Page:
Then-Senate Majority Leader Mitch McConnell on October 20 in Washington, DC. Stefani Reynolds/Getty Images

Mitch McConnell took aim at Democrats for their hardball approach to passing more stimulus.

The party has moved to use budget reconciliation to pass a $1.9 trillion plan without GOP support.

McConnell used the same strategy when in the majority, including for tax cuts in 2017.

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Senate Minority Leader Mitch McConnell criticized Democrats for a lack of bipartisanship Monday as they prepared to push through President Joe Biden’s $1.9 trillion coronavirus relief package in a way meant to avoid a filibuster.

McConnell said this method meant the Democrats had “chosen a totally partisan path,” according to the Associated Press, adding: “That’s unfortunate.”

The tactic in question is budget reconciliation, a way of bringing legislation to the Senate floor that lowers the voting bar to 51 from 60 and avoids the prospect of the opposing party killing it via the filibuster.

Despite McConnell’s criticism, he and Republicans have taken the same route to pass measures without help from the opposing party. One example is the series of sweeping tax cuts in 2017 that formed a centerpiece of President Donald Trump’s term.

Not a single GOP senator supported Biden’s stimulus plan in a Tuesday vote, suggesting the measure would not get far via conventional means.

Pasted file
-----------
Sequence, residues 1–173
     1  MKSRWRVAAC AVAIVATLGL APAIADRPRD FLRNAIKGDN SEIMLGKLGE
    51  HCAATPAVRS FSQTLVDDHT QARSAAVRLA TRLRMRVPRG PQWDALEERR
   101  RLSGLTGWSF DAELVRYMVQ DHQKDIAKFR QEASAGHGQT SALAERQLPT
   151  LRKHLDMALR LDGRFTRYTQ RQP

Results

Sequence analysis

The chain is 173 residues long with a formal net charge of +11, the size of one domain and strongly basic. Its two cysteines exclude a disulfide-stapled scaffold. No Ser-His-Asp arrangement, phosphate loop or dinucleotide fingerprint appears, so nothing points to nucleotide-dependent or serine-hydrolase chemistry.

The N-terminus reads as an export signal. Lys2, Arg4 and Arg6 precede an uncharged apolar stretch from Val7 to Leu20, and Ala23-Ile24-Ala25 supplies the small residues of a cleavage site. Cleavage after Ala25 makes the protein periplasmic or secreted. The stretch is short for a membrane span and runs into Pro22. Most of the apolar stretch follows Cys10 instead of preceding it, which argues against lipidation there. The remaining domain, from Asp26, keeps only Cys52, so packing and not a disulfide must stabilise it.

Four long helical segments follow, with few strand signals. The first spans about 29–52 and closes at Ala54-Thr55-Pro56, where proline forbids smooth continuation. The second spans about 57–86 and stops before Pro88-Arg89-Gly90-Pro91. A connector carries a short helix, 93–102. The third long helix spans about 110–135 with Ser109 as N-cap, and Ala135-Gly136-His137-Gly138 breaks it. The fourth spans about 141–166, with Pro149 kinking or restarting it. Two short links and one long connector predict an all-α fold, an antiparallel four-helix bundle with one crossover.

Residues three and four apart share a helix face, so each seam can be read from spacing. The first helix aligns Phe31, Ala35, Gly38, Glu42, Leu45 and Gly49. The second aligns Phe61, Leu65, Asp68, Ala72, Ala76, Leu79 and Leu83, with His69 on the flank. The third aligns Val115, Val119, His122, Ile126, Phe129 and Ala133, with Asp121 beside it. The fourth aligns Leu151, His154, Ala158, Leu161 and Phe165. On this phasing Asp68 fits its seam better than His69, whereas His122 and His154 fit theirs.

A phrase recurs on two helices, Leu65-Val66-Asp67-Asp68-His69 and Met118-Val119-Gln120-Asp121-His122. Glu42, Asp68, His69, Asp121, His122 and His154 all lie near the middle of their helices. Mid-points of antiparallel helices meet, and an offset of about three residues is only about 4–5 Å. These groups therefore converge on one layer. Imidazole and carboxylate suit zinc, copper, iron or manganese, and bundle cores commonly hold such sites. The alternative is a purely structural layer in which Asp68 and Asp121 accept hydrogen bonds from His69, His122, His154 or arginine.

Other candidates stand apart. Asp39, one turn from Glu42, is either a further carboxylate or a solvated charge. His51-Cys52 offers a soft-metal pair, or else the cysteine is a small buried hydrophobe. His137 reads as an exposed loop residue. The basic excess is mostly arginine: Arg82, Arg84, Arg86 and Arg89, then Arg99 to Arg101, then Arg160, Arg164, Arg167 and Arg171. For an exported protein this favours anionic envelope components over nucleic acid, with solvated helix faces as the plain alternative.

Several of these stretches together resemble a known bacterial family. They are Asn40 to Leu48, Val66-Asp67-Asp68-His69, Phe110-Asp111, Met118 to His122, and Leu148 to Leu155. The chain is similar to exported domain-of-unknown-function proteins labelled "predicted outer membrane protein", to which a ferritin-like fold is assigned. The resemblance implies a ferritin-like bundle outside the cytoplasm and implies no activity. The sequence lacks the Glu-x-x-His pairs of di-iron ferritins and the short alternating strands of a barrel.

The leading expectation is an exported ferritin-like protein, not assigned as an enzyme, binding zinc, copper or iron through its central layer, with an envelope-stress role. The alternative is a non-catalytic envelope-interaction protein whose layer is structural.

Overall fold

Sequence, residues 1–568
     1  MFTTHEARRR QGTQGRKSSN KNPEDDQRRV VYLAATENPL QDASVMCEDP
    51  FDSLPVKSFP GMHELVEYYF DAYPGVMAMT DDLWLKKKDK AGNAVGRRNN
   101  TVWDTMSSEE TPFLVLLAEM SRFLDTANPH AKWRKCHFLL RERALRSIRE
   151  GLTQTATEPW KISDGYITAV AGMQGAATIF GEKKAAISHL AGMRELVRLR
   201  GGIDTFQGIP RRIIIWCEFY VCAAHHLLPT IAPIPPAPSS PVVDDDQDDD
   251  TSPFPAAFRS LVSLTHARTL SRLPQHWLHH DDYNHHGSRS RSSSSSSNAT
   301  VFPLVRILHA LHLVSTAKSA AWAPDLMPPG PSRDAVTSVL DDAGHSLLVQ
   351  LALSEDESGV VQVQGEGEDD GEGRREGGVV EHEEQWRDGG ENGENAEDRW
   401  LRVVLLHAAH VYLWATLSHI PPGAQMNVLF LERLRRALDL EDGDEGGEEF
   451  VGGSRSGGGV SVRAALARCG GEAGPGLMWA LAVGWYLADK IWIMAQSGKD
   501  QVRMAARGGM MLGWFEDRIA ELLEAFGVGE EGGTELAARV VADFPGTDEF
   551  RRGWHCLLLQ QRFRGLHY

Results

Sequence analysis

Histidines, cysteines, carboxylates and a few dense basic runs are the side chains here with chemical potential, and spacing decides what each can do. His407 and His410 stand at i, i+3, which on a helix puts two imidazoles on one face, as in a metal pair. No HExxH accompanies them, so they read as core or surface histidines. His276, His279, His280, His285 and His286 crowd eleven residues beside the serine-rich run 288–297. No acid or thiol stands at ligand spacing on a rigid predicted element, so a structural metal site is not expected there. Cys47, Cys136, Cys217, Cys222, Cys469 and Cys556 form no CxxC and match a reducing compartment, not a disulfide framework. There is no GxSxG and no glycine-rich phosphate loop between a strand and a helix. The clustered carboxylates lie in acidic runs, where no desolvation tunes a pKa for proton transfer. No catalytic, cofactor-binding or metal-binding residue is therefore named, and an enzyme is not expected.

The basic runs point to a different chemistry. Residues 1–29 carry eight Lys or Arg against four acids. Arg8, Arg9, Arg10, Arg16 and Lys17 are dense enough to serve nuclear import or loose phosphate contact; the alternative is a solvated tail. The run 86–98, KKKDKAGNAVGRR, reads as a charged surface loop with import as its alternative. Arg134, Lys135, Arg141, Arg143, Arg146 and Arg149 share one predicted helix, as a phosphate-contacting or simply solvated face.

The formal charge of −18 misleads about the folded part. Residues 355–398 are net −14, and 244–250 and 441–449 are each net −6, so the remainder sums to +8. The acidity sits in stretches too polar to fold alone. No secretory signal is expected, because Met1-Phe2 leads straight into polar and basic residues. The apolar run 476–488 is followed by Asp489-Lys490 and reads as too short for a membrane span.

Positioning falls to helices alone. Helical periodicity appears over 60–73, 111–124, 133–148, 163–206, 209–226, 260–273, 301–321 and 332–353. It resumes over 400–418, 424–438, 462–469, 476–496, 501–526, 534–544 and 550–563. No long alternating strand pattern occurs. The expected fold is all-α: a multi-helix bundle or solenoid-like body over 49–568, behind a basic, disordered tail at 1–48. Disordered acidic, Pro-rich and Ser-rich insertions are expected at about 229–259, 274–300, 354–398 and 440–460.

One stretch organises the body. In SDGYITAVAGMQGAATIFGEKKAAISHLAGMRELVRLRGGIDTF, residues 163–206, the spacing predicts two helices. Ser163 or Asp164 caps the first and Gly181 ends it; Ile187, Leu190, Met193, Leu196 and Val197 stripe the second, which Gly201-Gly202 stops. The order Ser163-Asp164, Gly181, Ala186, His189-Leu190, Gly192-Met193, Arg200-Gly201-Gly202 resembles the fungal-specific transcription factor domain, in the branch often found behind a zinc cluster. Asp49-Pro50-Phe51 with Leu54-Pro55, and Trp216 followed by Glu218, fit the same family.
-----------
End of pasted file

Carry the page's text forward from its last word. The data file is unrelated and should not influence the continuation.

The Senate is split exactly 50 votes to 50 across the two parties, with Vice President Kamala Harris holding the casting vote. Ordinarily, a supermajority of 60 is needed to break a filibuster.

But in opting for budget reconciliation, the Democrats can pass bills relating to taxation, spending and debt with a simple majority of 51, and are shielded from filibusters with a 20-hour limit on debate.

Biden met with a group of 10 Republicans Monday night, led by Sen. Susan Collins, who earlier formed part of the bipartisan group that nudged stimulus discussions forward at the end of Trump’s term. But the $618 billion counter-offer they made wasn’t enough, Biden decided.

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The $1.9 trillion stimulus plan includes $1,400 checks for most Americans, federal unemployment support through September, as well as state and local government aid and vaccine distribution support.

The Republicans’ much smaller plan has numerous differences, including reducing those checks to $1,000, ending less-generous federal unemployment support on June 30, and removing state and local government aid.

McConnell’s jab appeared to be aimed at the calls for unity and bipartisanship that came up repeatedly in Biden’s inauguration speech – and which was a hallmark of his campaigning style.

But since taking office, Biden has issued a flurry of executive orders, a unilateral move that cuts out all deal-making with the opposing party.

Both parties have resorted to budget reconciliation to force legislation through in the past, however.

In 2017, with McConnell as Senate majority leader, Republicans used the mechanism to push through major tax reforms on a wafer-thin majority of 51. No Democratic senators voted in favor.

Former President Barack Obama also used budget reconciliation to pass the Affordable Care Act in the face of GOP resistance in 2010, as The New York Times reported at the time.

White House Press Secretary Jen Psaki told reporters Monday that there was still room for Republicans to shape the COVID-19 stimulus bill even after it is forced through by Democrats.

“Republican ideas can be adopted during the reconciliation negotiations, and it is likely that several bipartisan ideas may be – or we are certainly hopeful of that,” she said.

McConnell’s office did not immediately respond to Insider’s request for comment.

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Originally published February 3, 2021, 4:13 AM